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All Assets Are an Investment in Some Hands and a Speculation in Others

Top 5 of the Week of January 9

Heading up our Top 5 this week is Ben Carlson of A Wealth of Common Sense who reflects on how investors judge performance as influenced by the 1973-74 bear market. Jason Zweig, a regular of the Wall Street Journal, asks us to be honest with ourselves—are we investors or speculators? And Collaborative Fund’s Morgan Housel looks at just how dynamic brutal honesty can be for investors.

Meb Faber, in his blog at Meb Faber Research, speculates on the difference in investing trends between the US stock market and the CAPE ratio. And this week, we begin with Part 1 of Early Retirement Now’s multiple part guide to safe withdrawal rates. Stay posted with us here at Become a Better Investor for more posts from these guys in upcoming weeks…

What Historical Data Can Teach Us


  • Investors evaluate historical data to optimize the strategies and assets of today, but without considering the ton of variables that would have influenced the markets then
  • Before the mid-1970s measuring stock performance was fairly limited, and before the 1990s it was difficult to expand your investing strategy outside of your country’s stock market
  • Human nature in investors will always remain the same, but markets will always forever expand and change

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All Assets Are an Investment in Some Hands and a Speculation in Others


  • Traditionally, it’s considered that an investor buys with long-term gains in mind while a speculator tries to exploit short-term price changes
  • Nowadays, it’s too complicated to draw that hard line down the middle—the same assets can have very different results according to the motivations and time horizon of the buyer
  • The buyer can, therefore, be both investor AND speculator, for future success though be sure you keep the two strategies segregated—have a different account for your speculations

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Enable a Smarter Culture of Honesty


  • Investors will have more faith in your funds and practice if you don’t attempt to hide any past errors in judgment but instead, stand up and admit to them
  • Credit news sources and researchers that update their resources and acknowledge any corrections they make
  • Above all, encourage a forum in your work where people can confidently reveal their mistakes to learn from failures and improve going forward

Brutal honesty or the occasional white lie with your investors? Start a discussion in the comments section below
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Go C-A-P-E


  • A global cross-section of the 25% cheapest country stock markets, has only beaten the S&P’s performance 60% historically
  • With foreign performance being behind so considerably, it has pushed the CAPE ratio of these country stocks down to a third of the value of the US market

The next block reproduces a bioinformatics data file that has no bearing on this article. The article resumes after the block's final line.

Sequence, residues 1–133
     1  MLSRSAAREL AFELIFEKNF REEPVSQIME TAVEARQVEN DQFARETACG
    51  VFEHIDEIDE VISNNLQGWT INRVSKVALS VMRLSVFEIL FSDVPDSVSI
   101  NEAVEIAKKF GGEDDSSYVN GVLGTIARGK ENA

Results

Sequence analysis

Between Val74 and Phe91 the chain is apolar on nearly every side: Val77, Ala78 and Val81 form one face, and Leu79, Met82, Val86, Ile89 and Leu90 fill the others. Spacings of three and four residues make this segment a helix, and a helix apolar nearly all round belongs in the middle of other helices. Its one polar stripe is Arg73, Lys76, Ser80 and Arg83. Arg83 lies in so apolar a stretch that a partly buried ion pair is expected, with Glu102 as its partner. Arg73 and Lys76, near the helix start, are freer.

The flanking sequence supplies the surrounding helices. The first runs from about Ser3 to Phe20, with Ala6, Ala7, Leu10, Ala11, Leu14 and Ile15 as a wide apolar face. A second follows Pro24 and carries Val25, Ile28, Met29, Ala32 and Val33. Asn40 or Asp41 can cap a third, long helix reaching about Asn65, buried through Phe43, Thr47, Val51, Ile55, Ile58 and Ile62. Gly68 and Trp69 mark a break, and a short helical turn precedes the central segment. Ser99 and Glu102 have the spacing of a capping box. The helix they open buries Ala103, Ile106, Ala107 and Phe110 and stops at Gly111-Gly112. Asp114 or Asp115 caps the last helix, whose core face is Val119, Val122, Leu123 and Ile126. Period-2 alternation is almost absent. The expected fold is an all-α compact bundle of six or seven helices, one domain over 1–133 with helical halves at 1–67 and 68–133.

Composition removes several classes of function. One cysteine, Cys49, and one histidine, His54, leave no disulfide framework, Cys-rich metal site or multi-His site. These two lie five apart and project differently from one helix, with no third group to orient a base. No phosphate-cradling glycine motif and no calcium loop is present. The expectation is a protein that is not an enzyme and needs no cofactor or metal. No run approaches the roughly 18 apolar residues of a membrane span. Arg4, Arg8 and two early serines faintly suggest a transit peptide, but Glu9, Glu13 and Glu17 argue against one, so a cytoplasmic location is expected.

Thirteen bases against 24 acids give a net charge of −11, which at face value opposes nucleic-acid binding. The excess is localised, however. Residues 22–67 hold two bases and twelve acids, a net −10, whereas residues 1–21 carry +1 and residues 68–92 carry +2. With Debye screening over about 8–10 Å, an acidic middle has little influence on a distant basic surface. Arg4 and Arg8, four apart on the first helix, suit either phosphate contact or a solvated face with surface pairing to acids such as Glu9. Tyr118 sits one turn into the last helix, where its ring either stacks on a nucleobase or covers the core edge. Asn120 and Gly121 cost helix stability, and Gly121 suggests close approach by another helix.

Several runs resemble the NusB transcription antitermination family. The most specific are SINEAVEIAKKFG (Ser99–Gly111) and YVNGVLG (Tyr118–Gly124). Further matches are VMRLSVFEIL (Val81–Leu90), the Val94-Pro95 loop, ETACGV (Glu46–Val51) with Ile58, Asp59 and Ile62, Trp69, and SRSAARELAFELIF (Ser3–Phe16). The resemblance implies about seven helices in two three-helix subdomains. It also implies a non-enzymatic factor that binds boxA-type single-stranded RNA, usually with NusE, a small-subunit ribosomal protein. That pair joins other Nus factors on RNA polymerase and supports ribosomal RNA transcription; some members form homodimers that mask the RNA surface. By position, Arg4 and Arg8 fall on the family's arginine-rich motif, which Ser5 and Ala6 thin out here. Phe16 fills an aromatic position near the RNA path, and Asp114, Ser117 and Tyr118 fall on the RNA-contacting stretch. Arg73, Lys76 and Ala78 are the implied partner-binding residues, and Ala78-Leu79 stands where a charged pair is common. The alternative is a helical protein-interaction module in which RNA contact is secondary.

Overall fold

• Making the CAPE ratio strategy a great approach in 2016 and for the upcoming future

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A Study of 6.5 Million Withdrawal Rates


  • For those in the ‘Financially Independent, Retire Early’ (FIRE) community, finding optimal safe withdrawal rates for a 50/60 year retirement is paramount
  • Safe withdrawal rates determines how much you can withdraw each year once you’ve retired before you run out of money
  • Research advises on a slow transition when withdrawing income early to alleviate risk in the long run
  • It’s stocks long-term returns that make attractive withdrawal rates possible over the course of your longer retirement duration

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Top 5 of the Week is a summarized collection of financial investment articles that we like and think you might like too. Having written thousands of pages of equity strategy and company research between us, we understand the allure of the ever-changing world of finance. Investing is an art form—and like everything, something you can work on and improve at. There are some excellent writers out there on the finance web, some offer a running commentary on today’s market, some are doing research, some have tips on how to Become a Better Investor, and some just lift the cloud of fog behind a lot of financial jargon. Each week we will keep you up to date with the top 5 articles worthy of your attention.


Anything you would like to discuss about this week’s top 5? Do you have another favorite that isn’t mentioned here? Feel free to add it below. Let’s start a discussion in the comments section!

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DISCLAIMER: This content is for information purposes only. It is not intended to be investment advice. Readers should not consider statements made by the author(s) as formal recommendations and should consult their financial advisor before making any investment decisions. While the information provided is believed to be accurate, it may include errors or inaccuracies. The author(s) cannot be held liable for any actions taken as a result of reading this article. The Become a Better Investor Team doesn’t necessarily endorse any stocks or shares mentioned in the articles or the author of such articles linked to and summarized in Top 5 of the Week and cannot guarantee the accuracy of its information.